Opposing roles of NF-κB family members in the regulation of NK cell proliferation and production of IFN-γ
Killer Cells, Natural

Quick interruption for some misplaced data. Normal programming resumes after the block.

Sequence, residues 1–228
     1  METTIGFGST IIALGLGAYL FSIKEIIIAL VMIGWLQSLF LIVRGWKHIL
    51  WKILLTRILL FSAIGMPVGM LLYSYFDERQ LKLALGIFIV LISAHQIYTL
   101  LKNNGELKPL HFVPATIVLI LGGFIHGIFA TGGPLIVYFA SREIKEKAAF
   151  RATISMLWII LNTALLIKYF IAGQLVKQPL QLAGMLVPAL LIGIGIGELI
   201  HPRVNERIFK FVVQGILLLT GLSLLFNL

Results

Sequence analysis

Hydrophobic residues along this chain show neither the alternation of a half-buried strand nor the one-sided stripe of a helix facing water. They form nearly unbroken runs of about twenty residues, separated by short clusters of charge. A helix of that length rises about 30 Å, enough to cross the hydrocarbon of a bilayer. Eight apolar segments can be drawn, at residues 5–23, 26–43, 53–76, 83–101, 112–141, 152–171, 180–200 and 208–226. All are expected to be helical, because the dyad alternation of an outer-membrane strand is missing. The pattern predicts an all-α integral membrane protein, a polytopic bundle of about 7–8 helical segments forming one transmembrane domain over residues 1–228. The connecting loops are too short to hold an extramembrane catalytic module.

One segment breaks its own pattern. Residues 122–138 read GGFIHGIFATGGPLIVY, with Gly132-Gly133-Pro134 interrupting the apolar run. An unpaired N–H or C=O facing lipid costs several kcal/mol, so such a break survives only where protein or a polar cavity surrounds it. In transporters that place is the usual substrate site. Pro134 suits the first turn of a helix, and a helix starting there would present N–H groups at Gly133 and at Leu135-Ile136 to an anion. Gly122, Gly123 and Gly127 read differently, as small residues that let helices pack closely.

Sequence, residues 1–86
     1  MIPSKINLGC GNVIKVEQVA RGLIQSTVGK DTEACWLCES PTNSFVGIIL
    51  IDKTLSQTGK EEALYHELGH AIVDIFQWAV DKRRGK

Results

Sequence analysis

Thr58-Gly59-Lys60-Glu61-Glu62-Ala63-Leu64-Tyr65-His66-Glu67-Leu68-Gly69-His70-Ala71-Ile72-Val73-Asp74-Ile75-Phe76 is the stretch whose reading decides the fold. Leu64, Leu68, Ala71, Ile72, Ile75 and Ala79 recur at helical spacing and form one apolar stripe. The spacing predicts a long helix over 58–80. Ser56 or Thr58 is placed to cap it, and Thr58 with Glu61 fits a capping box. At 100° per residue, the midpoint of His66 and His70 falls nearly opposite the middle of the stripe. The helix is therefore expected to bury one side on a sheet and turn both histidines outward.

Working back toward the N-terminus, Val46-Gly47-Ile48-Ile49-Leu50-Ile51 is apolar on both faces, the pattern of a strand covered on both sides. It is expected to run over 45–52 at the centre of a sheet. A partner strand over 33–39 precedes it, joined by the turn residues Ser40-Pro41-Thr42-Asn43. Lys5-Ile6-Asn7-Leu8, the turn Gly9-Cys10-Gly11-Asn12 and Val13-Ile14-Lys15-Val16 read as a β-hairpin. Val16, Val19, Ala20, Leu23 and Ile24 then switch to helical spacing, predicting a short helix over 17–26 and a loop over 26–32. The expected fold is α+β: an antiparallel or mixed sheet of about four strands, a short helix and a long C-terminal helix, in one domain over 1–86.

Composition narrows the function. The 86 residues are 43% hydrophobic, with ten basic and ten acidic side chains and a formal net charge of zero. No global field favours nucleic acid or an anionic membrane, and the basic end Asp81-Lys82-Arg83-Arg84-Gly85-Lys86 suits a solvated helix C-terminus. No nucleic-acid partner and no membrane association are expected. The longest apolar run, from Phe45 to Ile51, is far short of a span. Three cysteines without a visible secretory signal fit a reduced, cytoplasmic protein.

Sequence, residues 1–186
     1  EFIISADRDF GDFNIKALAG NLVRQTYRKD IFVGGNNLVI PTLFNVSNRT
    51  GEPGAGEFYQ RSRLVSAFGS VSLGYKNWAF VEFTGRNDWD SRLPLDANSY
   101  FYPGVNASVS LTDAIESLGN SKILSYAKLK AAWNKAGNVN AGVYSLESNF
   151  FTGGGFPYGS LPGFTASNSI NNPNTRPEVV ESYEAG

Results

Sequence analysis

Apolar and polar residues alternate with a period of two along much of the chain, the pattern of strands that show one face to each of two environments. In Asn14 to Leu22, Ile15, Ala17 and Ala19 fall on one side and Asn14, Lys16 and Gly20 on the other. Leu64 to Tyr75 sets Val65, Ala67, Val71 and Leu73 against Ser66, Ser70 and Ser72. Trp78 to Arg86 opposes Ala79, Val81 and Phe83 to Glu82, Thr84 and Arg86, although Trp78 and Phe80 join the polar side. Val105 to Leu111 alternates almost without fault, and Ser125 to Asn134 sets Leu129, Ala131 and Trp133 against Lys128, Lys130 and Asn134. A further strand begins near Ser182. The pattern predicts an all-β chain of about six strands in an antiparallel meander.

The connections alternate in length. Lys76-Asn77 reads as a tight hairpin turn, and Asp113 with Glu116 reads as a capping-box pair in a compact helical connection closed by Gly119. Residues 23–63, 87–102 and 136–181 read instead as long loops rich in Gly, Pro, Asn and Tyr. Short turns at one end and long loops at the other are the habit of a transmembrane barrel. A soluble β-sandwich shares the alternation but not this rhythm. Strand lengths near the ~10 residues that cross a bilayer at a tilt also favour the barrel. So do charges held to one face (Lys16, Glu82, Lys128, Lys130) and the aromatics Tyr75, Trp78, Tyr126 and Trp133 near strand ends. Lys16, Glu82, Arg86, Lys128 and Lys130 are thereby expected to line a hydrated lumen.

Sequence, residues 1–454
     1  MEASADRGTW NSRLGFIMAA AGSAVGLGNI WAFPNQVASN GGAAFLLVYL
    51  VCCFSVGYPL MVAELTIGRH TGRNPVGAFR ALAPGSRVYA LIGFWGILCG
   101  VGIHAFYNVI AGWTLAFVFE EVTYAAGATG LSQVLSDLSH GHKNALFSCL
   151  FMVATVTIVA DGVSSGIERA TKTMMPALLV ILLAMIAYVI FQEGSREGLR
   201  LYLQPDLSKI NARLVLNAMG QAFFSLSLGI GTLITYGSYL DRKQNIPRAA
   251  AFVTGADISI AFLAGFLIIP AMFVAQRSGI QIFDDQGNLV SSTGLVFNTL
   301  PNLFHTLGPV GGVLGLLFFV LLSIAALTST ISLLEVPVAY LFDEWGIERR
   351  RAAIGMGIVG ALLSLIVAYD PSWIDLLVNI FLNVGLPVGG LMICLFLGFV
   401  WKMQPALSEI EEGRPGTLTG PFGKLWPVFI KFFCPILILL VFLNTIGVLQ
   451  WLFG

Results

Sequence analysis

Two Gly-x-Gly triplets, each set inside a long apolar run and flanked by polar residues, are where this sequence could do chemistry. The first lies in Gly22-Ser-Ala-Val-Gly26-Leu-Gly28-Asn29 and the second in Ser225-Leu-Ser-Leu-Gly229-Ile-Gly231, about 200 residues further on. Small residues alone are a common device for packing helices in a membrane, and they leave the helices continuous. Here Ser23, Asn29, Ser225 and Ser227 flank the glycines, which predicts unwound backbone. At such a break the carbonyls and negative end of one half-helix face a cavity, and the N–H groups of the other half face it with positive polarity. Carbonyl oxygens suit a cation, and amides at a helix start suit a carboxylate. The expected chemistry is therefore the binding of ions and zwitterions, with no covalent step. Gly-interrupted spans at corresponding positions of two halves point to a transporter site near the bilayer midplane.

It is well established that the nuclear factor-kappaB (NF-kappaB) family of transcription factors participates in the regulation of many aspects of innate and adaptive immunity. The majority of these reports have focused on the role of NF-kappaB in accessory cell and T or B cell function, but less is known about the role of NF-kappaB in NK cells. However, several studies have demonstrated that these transcription factors are required for NK cell production of IFN-gamma and proliferation. The studies presented here examine the role of two NF-kappaB members, c-Rel and p50, in NK cell function. In vitro data revealed that in the absence of c-Rel, NK cells have a defect in their ability to secrete IFN-gamma, but remain unaffected in their capacity to proliferate. In contrast, p50-/- NK cells have enhanced proliferative and IFN-gamma responses compared with wild-type NK cells. The latter findings suggest a role for p50 as a negative regulator of NK cell production of IFN-gamma and chromatin immunoprecipitation assays demonstrated the association of p50 with the IFN-gamma promoter of resting NK cells. Consistent with the in vitro studies, in vivo studies with NF-kappaB gene-deficient mice infected with Toxoplasma gondii revealed that the absence of p50 leads to enhanced NK cell proliferation and production of IFN-gamma. Together, these studies define distinct roles for c-Rel and p50 in the function of NK cells.